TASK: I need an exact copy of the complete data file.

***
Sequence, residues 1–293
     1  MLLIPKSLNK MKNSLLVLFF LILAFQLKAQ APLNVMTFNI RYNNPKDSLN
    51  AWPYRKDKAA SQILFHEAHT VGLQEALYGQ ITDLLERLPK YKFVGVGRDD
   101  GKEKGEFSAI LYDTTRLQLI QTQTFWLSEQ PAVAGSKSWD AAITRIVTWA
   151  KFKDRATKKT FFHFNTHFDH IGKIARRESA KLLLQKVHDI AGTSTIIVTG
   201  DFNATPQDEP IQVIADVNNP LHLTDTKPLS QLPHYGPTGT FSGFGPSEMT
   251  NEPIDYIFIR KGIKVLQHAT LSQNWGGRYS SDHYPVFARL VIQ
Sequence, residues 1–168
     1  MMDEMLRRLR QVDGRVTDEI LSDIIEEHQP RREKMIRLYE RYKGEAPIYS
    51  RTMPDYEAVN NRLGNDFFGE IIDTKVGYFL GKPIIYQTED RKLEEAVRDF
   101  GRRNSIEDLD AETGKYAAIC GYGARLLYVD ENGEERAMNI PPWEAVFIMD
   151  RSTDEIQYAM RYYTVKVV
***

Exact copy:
Sequence, residues 1–293
     1  MLLIPKSLNK MKNSLLVLFF LILAFQLKAQ APLNVMTFNI RYNNPKDSLN
    51  AWPYRKDKAA SQILFHEAHT VGLQEALYGQ ITDLLERLPK YKFVGVGRDD
   101  GKEKGEFSAI LYDTTRLQLI QTQTFWLSEQ PAVAGSKSWD AAITRIVTWA
   151  KFKDRATKKT FFHFNTHFDH IGKIARRESA KLLLQKVHDI AGTSTIIVTG
   201  DFNATPQDEP IQVIADVNNP LHLTDTKPLS QLPHYGPTGT FSGFGPSEMT
   251  NEPIDYIFIR KGIKVLQHAT LSQNWGGRYS SDHYPVFARL VIQ
Sequence, residues 1–168
     1  MMDEMLRRLR QVDGRVTDEI LSDIIEEHQP RREKMIRLYE RYKGEAPIYS
    51  RTMPDYEAVN NRLGNDFFGE IIDTKVGYFL GKPIIYQTED RKLEEAVRDF
   101  GRRNSIEDLD AETGKYAAIC GYGARLLYVD ENGEERAMNI PPWEAVFIMD
   151  RSTDEIQYAM RYYTVKVV